The price of materials and services used in nonresidential construction inched up 0.2 percent from June to July, while a government index that measures contractors’ bid prices fell by 1.4 percent, according to an analysis by the Associated General Contractors of America released Aug. 11. Association officials said contractors are finally seeing some relief from recent supply chain problems and price escalations, but the competitive market means key materials are still very hard to find.
The initial price shock from the pandemic and Russia’s attack on Ukraine has faded, however, long lead times remain for electrical equipment and construction machinery. Cement, lumber, plywood and asphalt coatings are some of the materials showing persistent price increases despite better planning.
The producer price index for new nonresidential construction — a measure of what contractors report they would charge to put up a specific set of buildings — fell 1.4 percent in July. That decrease followed no change the month prior and a slight decline in May.
Prices for most major construction inputs were stable or declined in July. Some of the greatest declines included diesel fuel falling 8.4 percent for the month, steel mill products dropping 7.6 percent, and fabricated structural metal going down 6.4 percent.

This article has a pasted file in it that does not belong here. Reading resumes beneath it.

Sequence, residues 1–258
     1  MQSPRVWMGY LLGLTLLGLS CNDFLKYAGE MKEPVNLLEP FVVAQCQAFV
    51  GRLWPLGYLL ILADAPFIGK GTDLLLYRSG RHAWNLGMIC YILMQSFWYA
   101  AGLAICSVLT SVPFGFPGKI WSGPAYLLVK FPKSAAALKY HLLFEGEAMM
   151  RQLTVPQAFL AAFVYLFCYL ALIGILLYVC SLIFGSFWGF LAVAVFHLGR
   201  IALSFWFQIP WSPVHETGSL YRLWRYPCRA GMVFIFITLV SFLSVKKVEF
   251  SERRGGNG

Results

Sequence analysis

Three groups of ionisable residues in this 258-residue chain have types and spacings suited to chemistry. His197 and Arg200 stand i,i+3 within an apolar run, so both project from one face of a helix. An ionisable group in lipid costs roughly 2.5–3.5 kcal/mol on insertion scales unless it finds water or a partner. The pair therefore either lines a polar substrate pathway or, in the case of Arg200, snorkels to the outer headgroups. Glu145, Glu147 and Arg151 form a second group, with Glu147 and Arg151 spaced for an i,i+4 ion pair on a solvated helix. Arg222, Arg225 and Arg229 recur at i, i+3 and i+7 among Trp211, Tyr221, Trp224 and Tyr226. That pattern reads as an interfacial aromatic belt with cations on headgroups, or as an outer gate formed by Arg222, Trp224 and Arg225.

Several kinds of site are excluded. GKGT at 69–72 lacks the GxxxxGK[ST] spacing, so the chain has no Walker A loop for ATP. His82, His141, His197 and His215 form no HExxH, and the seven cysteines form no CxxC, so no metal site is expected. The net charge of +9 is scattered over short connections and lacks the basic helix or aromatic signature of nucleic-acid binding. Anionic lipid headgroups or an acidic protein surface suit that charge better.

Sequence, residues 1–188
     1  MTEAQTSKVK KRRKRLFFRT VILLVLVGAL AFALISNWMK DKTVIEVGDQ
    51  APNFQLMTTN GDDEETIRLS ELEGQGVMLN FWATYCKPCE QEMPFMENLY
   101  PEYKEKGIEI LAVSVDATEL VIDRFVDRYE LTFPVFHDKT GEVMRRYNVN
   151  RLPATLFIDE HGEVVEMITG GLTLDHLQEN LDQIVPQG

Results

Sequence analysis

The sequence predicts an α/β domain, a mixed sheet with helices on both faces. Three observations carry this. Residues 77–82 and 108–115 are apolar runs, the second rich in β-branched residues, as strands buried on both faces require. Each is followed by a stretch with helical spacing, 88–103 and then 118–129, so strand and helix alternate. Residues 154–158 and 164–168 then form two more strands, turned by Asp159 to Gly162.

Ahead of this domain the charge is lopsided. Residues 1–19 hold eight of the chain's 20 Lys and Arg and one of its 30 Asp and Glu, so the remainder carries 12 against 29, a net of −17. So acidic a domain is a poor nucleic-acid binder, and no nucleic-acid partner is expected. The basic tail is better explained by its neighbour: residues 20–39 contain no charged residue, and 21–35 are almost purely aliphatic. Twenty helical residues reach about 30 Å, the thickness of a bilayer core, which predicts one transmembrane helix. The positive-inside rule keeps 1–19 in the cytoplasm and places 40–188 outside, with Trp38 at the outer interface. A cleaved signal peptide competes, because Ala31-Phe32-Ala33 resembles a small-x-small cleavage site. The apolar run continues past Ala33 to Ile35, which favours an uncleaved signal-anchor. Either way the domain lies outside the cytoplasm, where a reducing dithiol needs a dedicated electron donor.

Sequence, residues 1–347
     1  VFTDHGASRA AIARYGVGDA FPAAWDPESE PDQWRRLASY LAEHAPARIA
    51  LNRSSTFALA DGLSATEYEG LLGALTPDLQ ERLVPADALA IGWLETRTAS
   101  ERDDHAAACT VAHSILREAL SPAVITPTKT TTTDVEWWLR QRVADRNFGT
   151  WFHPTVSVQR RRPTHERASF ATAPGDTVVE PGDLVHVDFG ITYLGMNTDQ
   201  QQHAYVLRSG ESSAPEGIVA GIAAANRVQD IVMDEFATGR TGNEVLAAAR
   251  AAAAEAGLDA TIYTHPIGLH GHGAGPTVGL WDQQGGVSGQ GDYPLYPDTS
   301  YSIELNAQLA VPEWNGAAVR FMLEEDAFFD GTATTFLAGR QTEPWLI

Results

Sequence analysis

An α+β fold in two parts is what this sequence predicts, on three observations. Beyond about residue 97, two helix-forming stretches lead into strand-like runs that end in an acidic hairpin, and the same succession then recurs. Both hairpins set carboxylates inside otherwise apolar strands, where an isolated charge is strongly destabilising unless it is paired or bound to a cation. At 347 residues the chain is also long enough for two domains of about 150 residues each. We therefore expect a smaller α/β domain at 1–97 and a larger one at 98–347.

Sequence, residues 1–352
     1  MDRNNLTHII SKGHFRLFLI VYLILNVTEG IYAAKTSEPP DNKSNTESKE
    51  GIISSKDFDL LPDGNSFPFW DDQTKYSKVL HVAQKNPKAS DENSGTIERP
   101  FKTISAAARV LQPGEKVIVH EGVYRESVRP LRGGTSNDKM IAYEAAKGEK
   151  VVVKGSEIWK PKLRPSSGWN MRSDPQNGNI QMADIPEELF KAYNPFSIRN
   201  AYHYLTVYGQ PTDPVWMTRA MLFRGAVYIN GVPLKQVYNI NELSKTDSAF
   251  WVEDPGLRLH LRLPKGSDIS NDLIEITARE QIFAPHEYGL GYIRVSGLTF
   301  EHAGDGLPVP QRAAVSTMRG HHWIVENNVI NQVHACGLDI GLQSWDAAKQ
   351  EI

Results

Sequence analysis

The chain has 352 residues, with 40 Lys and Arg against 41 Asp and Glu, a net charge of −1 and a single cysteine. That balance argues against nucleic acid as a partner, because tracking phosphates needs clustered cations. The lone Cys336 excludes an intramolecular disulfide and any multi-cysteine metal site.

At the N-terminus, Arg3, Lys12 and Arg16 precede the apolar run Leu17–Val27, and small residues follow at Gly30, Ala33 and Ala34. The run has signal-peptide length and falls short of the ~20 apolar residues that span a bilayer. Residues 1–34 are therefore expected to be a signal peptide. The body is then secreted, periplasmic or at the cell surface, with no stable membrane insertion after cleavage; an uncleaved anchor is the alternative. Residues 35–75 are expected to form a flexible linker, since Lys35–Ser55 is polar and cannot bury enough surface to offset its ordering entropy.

Association officials said that new Buy America requirements that are part of the Bipartisan Infrastructure Law will severely limit the supply of materials contractors can use and increase the costs of those products as the guidance goes into effect. They noted that the new requirements are so strict that many products currently made in the U.S. would not be compliant due to containing small components that are sourced from abroad.
“Federal officials continue to inhibit the ability of contractors to utilize an established diversified construction material supply chain by drumming up strict regulations,” said Stephen E. Sandherr, the association’s chief executive officer. “Infrastructure is needed now, and until we have the capability of keeping all manufacturing on U.S. soil, we need to take advantage of all resources available.”